Kane County Sheriff’s Search and Rescue (KCSAR) retrieved two missing hikers during an all-day search operation on Wednesday, July 24. The hikers, Alex Whippo and Jennie Timberlake from San Antonio, Texas, were on a two-day hike in the Buckskin Gulch area. The pair had deviated from their planned course due to unexpectedly difficult conditions in the gulch, and became lost in the Paria Wilderness Area east of Kanab.

KCSAR first learned the hikers were overdue the previous evening when their shuttle driver reported the hikers had not returned as scheduled. Early on July 24, the hikers’ parents told Kane County officials that the two had not checked in the previous evening. “It was at that point we knew this was real,” said KSCAR Vice Commander John Jorgensen.

KCSAR quickly assembled an advance team and immediately deployed for a search in the Buckskin Gulch and Paria Canyon areas. Commander Alan Alldredge established an incident command post in Kanab, while Jorgensen set up a tactical operations base at the BLM Paria Contact Station.

Using all information available about the hikers and their planned route, ground teams began searching the areas where Whippo and Timberlake were known to have been. One team, led by KCSAR volunteer Bill “Yermo” Welsh, entered Buckskin Gulch via the Middle Route, while another team of Quartermaster Don Sprecher and volunteer Lucas Jorgensen set up a forward observation post along the rim of the canyon.

BLM staff responding to the incident took up positions at nearby trailheads to watch for the missing individuals and ask other hikers if they had seen the pair. As more KCSAR searchers arrived, a third ground team headed down the Paria River Canyon from the White House Trailhead to check the hiker’s planned exit route.

Due to fears that the hikers may have missed their turn and continued on towards Lee’s Ferry, the Coconino County Sheriff’s Office was asked to assist, including dispatching an Arizona Department of Public Safety helicopter to check areas further down the canyon on the Arizona side of the Paria River route.

The first major break came just after noon when the team tracking through the Buckskin came across two pair of abandoned water shoes west of the confluence. The team also noticed tracks leading out of the canyon in the general direction of Cobra Arch. KCSAR volunteer Welsh relayed this information to the tactical operations base via a Classic Lifeguard helicopter participating in the search.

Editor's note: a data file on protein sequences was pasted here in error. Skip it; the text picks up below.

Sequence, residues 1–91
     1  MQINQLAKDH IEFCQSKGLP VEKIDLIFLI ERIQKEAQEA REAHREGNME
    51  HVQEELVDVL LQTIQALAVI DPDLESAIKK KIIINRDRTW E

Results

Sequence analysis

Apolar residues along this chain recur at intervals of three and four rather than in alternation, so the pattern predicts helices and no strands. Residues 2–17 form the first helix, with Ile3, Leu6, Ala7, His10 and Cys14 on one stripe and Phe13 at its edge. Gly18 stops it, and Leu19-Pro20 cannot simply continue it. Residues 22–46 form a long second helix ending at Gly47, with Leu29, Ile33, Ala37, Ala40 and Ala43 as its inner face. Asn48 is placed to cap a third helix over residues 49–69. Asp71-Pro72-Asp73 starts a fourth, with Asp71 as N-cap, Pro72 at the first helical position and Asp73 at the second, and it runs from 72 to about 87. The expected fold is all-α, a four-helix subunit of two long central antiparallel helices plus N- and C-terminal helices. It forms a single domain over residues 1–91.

With this new information in hand, a fourth ground unit, led by Sergeant Shawn King, began hiking across exceptionally rugged terrain beyond Cobra Arch. Just after 2 p.m. the exhausted and extremely relieved hikers were located.

KCSAR Volunteer Shelly King, who is also a Kane County EMT, tended to Whippo and Timberlake’s minor injuries, while Sergeant King arranged for the Arizona DPS helicopter to transport the hikers to the Paria Contact Station.

After receiving additional treatment at the station and sharing sincere thanks and hugs all the way around, the shaken, but happy, couple continued on their way.

During a post-incident briefing, Vice Commander Jorgensen praised his volunteers for their professionalism and dedication. He added that searchers also caught a break from the weather, as area thunderstorms almost miraculously avoided the search area, allowing ground teams and air support helicopters to operate continuously.

KCSAR prepares and trains for exactly these types of scenarios, and is ready to go at a moment’s notice. However, the most successful rescue is the one that doesn’t need to take place at all. Kane County’s incredibly beautiful scenery carries with it high altitude, extreme temperatures, and potentially volatile weather conditions.

Hikers are reminded to use common sense in their activities, and to always carry extra water, food, clothes, and basic first aid supplies. Letting someone know where you are going and when you will be back is critical, as getting an early start and knowing where to begin looking for this pair made all the difference in the positive outcome of this incident.

Wearing bright-colored clothing is important too, noted Shelly King, who was on the team that found the missing hikers. In this case, it was a piece of bright pink clothing that stood out against the desert background.

A spot tracker, satellite phone, or similar remote communications device is also essential equipment when recreating in wilderness and remote locations. Those little bits of technology tell searchers exactly where you are. They aren’t a substitute for preparation and good sense, but they help make a difference if an emergency arises.

KCSAR would also like to share a special thanks with Classic Lifeguard for communications and air surveillance help, the Coconino County Sheriff’s Office for its generous participation, and to Arizona DPS for transporting the hikers to safety.